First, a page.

Firearms originated as military weapons, used along with stone throwing machines, bows and crossbows. The booming sound of early firearms compensated for their lack of precision and power.
Many changes in firearms history occurred in the early 16th century when the rifle was created. A slug was put in the bore to stabilise the bullet in the air and accuracy improved significantly.
As the muzzle-loading rifle was slow to reload, rifles were mainly used for elite sports and hunting.
In the 19th century, shooting began to evolve as a sport. One of its champions, Pierre de Coubertin, the French pistol champion, was the founder of the modern Olympic Games.
Shooting was featured in the first modern Olympic Games in Athens in 1896. Nine different sports were placed on the programme and shooting sports had the highest number of participants in these first Olympic Games.
The first World Shooting Championships were held one year later in 1897.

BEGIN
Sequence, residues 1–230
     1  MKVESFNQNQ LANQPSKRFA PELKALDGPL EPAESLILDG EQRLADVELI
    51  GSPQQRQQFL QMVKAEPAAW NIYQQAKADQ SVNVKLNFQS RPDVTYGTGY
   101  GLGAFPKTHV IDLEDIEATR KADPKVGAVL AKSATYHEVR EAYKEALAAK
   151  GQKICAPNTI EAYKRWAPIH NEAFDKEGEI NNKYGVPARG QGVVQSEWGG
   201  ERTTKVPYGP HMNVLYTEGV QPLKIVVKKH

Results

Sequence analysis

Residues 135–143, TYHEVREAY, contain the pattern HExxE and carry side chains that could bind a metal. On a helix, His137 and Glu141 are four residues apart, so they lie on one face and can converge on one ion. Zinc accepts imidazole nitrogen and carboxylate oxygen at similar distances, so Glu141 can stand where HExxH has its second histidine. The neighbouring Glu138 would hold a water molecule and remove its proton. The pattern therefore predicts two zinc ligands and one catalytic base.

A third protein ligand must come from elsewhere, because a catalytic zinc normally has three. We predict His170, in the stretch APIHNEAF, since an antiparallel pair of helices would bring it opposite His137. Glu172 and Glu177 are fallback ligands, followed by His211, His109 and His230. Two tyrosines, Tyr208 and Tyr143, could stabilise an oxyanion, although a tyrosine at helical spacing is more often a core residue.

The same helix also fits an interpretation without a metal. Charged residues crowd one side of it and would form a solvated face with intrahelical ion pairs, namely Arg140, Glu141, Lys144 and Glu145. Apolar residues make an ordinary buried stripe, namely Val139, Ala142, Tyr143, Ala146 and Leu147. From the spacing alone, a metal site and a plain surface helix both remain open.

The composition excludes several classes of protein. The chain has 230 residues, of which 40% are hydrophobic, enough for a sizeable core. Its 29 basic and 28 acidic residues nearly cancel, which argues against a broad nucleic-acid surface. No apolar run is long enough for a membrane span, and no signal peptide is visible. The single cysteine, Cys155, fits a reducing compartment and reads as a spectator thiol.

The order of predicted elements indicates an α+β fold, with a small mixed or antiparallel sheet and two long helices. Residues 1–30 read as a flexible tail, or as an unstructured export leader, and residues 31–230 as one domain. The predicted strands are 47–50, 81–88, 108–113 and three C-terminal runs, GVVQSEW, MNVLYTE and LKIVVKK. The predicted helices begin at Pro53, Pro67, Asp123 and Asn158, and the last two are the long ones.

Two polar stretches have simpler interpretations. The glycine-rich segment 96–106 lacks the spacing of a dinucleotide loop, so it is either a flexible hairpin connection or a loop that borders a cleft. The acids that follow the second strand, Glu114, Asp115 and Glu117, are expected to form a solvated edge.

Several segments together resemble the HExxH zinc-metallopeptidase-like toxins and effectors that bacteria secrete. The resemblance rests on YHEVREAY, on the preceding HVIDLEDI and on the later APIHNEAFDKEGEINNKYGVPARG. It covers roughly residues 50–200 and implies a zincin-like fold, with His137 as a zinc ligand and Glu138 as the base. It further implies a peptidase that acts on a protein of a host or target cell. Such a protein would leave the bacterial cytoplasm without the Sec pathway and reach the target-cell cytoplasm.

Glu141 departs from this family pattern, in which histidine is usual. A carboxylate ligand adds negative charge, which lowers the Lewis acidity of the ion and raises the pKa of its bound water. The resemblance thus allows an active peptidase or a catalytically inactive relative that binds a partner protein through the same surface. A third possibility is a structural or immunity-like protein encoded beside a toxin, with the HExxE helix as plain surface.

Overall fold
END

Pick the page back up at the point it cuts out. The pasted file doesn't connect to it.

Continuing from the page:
Shooting has been contested in most Olympic Games with the exception of 1904 and 1928. Women were first allowed to compete in 1968.
In 1984, the International Shooting Union (now called the ISSF - International Shooting Sport Federation) introduced separate events for women. Between 1984 and 1992, the number of women's events gradually increased.
The current Olympic programme includes 15 different shooting events: nine for men and six for women. There are three shooting disciplines presented in the Olympic programme: rifle, pistol and shotgun (clay target).
Shooting joined as an official sport in the 2nd Asian Games held in Manila, the Philippines in 1954.